A previous article about the inanity of the Karni Sena attacking its own founding tenets by protesting against Sanjay Leela Bhansali’s directorial venture Padmaavat understood the caste privilege that goes into securing Rajput honour through the metaphors embodied by their aggressive narrative—cutting the lead actress’s nose, making a film about the director’s mother in retaliation, burning effigies, mobilising support among Rajput women by attacking their perceptions of ‘Ma Padmini’ etc. It examined the political angle underlying this aggressive mobilisation because Rajasthan is nearing election time and many of the leaders of Sena mobs have inclinations to compete for political power. The nexus of this protest, which unforgivably set a school bus on fire and threatened innocent children with no relation to their cause, also lies in the current Rajasthan political leadership overtly or covertly supporting the Karni Sena. This also draws our attention to a newly evolving protest culture because rioting and destruction in public spaces is more acceptable than peaceful protests by students agitating against violence. The violence inherent in this resurgent system of protest also finds justification in the notion of Rajput pride because it is understood as a situation of combat wherein the Rajput community has to take whatever steps needed to keep its honour secure. It is a battle against perceived threats, evoking ancient folk songs and myths the current generations were socialised into, and the film’s crew and filmmaker are considered the hated ‘other’. Many journalists exploring this issue in their work have noted how the older generation responds emotionally to these taints on Rajput identity, while the younger generation responds more violently. What has caused this spiralling of feeling from sentiment to anger? How does the dominant ideology of caste pride manipulate those feeding into it through emerging leadership?
These questions become even more interesting when this aggression against the film was dissipated at the drop of a hat when a Karni Sena leader finally identified the film as a acceptable glorification of his caste. Yogendra Singh Katar (National Vice-President of Shri Rajput Karni Sena) and Maharshtra Co-ordinator Jeevan Singh have retracted their objections to the film by saying, “We saw the movie and do not find anything wrong or defamatory in the movie. So, we have decided to withdraw our agitation against the movie and will allow its release in Gujarat and Rajasthan.” But the internal factionalism within this group was revealed when much publicised Karni Sena Chief Lokendra Singh Kalvi denounced these claims by saying that these are ‘fake’ groups and their assertions must be ignored since he is the sole founder of the Sena. “There are many fake Karni Senas emerging in India. At present there are eight such entities operating in the country with vested interests,” he asserted. Nevertheless, at the heart of this protest are issues of valour in battle that are central to Rajput identity, and socialised into children through many an Amar Chitra Katha. The Padmaavat they have a problem with is a fictional retelling with multiple versions much like the dynamic text of the Mahabharata, and has recorded immense change across contexts and time periods to function as a Sufi text and as a folk culture simultaneously. Which version does the Sena have a problem with? Divya Cherian explains the motivation underlying the monopolising force of nationalism and connects it with this text-film, “As the earliest imaginings of an Indian nation—and a Hindu nation—began to take shape, Padmini became a token of the self-sacrificing, virtuous, and chaste Hindu woman that was to be at its heart. In this idealised form, her decision to annihilate her own body was celebrated for the preservation of her ‘honour’ (read ‘chastity’) through which was indexed the honour of her husband, her family, her community, and now, her nation…The current row over Padmini’s portrayal only underscores that in the long arc of its history, the imagined Hindu nation holds in its heart the dutiful, chaste Hindu woman, who acquiesces to patriarchal controls and only exercises her agency within their bounds.”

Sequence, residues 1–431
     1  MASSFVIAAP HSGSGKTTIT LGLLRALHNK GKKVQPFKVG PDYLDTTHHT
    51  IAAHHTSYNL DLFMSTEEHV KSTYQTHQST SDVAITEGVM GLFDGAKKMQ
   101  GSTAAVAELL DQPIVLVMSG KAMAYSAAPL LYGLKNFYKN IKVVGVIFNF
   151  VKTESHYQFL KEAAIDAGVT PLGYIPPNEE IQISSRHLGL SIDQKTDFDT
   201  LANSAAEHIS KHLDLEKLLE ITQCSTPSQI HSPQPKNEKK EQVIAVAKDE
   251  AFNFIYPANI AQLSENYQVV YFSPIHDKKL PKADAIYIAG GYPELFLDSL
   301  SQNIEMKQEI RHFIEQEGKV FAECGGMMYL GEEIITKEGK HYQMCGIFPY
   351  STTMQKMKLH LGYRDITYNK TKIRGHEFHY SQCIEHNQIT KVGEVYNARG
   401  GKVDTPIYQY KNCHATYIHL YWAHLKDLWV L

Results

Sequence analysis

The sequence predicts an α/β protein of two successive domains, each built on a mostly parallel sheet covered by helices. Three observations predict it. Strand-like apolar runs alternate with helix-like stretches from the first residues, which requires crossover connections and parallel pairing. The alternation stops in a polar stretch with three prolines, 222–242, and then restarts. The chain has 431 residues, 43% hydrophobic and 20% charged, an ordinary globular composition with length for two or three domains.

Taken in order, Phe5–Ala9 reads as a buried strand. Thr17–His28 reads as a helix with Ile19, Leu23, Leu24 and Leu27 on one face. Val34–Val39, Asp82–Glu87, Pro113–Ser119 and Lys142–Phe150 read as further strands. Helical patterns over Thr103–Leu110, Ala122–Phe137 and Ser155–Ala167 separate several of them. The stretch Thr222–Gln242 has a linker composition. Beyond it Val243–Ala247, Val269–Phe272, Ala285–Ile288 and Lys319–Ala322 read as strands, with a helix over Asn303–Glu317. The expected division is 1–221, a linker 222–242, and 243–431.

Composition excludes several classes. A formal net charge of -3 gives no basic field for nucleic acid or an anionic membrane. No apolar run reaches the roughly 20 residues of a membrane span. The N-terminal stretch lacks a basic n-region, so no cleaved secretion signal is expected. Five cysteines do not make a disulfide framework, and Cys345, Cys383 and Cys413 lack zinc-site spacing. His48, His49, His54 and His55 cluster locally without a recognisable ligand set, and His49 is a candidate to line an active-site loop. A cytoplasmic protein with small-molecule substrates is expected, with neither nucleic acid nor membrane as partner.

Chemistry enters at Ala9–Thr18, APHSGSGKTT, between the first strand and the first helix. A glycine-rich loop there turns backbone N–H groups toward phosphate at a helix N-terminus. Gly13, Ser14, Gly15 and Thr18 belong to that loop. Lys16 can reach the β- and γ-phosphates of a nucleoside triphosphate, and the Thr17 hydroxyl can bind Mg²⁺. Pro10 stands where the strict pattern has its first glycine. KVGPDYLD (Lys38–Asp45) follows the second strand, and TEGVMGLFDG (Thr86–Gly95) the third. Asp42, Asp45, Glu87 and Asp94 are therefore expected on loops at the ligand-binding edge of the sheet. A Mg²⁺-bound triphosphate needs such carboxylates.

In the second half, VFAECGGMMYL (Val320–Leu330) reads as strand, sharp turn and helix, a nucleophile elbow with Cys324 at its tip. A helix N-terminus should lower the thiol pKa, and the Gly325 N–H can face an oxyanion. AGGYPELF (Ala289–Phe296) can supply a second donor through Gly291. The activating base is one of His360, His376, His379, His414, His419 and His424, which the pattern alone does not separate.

As argued before, the group solidarity evoked through mobilisation in the name of identity also paves the way for the dismissal of this mobilisation through the force of its leadership. To use a similar frame, committing the act of jauhar for example, would not be a mark of courage if all the recorded women of the text did not embody a cohesive system of behaviour. Conformity is the strength of protest, and of symbolism. This erases the possibility of questioning and induces blind faith. “Cultural Identity is a strange, nebulous thing. It serves the purpose of social cohesion but it also puts us into social silos. It roots the younger generation in the group’s cherished values, but it can also blind one to the community’s flaws”, Lom Harshni Chauhan says. It seems that the Karni Sena of today is falling into the same trap, one that closely parallels superstition and halts social change.
-Contributed by Kriti
Picture Credits: indianculturalforum.in